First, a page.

More Filipinos — 54 percent of households, or 10.9 million families — rate themselves poor. Compare that to 47 percent, or 9.5 million, who responded likewise last August to the Social Weather Stations survey. Both figures are double the already alarming official poverty estimate of 26.5 percent, or 23.14 million individuals.
Yet here’s Senate President Juan Ponce Enrile, arrogating his chamber’s multimillion-peso budget savings for his and 22 fellows’ expenses. Many are appalled.
As the government is strapped for funds for social amelioration, officials are expected to operate frugally. Office savings are then returned to the national treasury, for reallocation to worthwhile projects. Not the senators. They’re discontent with P200-million yearly pork barrel each to spend, even pocket, at will. Their unaudited tens of millions more from 57 committee chairmanships is never enough. They have to pinch every peso for themselves, than reuse for poverty alleviation.
Enrile’s self-defenses in press interviews don’t wash. Such as:
• “Senators spend for and report their operations in accordance with state audit rules.”
Commission on Audit chairwoman Grace Pulido Tan says that senators usually do not submit BIR-approved official receipts or invoices. They file mere “certifications” that such-or-such expenses were incurred, along with easy-to-concoct office disbursement vouchers. These run to billions of pesos per year, but the COA raises not a pip. For, its annual budget is subject to the senators’ consent. The COA is stricter with executive agencies and local governments, disallowing un-receipted expenses. Long-time senator Enrile knows that.
• “The savings were made because Noynoy Aquino left the Senate midway into a six-year term to become President in 2010.”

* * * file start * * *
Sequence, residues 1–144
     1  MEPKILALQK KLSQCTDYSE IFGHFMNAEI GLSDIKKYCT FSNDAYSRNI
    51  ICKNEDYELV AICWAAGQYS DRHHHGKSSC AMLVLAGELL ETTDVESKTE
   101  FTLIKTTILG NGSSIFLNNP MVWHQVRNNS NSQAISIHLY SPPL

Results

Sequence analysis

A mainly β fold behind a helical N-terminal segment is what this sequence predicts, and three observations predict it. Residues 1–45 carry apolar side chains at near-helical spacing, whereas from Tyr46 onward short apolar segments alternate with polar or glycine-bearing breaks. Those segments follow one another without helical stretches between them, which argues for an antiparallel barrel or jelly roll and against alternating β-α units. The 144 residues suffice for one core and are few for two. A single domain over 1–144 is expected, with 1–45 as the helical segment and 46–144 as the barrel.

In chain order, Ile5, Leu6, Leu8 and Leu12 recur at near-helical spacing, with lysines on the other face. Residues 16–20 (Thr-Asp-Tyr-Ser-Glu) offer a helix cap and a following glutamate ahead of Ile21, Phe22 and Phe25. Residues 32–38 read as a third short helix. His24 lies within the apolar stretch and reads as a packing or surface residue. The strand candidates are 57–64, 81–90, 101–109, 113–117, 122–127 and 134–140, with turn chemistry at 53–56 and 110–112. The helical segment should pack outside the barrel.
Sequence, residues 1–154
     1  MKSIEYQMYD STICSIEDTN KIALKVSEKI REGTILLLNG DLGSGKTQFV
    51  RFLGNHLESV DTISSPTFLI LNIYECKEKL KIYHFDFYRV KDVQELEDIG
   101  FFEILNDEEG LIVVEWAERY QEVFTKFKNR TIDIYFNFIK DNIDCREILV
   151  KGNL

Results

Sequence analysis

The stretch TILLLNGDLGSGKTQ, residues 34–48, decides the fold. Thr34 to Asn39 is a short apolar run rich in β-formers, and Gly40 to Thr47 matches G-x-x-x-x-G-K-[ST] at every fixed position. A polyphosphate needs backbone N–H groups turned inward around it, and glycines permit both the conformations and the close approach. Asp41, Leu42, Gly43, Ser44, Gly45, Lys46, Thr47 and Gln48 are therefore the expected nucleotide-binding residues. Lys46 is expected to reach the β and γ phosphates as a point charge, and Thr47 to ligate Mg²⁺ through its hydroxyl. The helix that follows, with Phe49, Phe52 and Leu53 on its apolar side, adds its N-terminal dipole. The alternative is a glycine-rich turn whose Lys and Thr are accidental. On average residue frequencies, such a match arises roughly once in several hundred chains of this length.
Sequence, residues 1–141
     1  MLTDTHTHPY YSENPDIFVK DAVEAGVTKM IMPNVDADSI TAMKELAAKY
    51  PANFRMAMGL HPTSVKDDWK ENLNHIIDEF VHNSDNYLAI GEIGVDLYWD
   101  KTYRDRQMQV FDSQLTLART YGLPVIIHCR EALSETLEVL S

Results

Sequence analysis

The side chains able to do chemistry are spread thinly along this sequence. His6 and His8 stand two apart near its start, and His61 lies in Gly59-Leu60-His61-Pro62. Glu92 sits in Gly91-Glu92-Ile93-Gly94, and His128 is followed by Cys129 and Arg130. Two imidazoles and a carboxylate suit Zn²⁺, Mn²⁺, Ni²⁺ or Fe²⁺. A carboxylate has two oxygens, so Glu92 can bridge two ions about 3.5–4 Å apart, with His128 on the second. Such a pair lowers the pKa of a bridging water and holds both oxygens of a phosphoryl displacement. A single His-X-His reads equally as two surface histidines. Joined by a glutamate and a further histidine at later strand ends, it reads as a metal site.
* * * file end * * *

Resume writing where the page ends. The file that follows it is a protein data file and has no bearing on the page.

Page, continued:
In short, the senators knew that one of 24 offices would be vacant in 2011, 2012, and 2013. Still, under Enrile’s tutelage, they allocated funds for it — funds to then divvy up. “Unconscionable,” one senator couldn’t help remarking. In the executive, long-vacated positions are deemed abolished, and funds previously allotted no longer are disbursed.
• “Incurring and realigning savings has been happening since the time of Manuel Quezon heading the Philippine legislature.”
If true, then this country has the most benighted legislators. They supposedly scrutinize the government’s annual spending. Through the decades they must have learned where to cut costs and add funds. If still they have an excess of tens of millions of pesos, to divvy up at yearend, then they can only be doing it on purpose.
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February is when tourists converge in Baguio City for the month-long Panagbenga (Flower) Festival. In time for the influx of vacationing throngs, workers are re-concreting Kennon Road, the most scenic of five routes up the summer capital.
Frequent visitors will come upon something unsightly, though. Countless shanties have sprung up by the national road, blotting out the cliff-side view of waterfalls, pine forests, and sunflowers.
Reportedly land-grabbing politicos have misused the law again. In the name of “indigenous (Cordillera) people’s rights,” they wangled entitlements to wider portions of the highway shoulder. On those curves reserved for emergency parking, they first built rest sheds, supposedly for hikers. Then they sold the rights to speculators, who in turn built store shacks and later hollow-block homes. The squatters come into view at the foothills of Tuba town, and teem across the Baguio City boundary.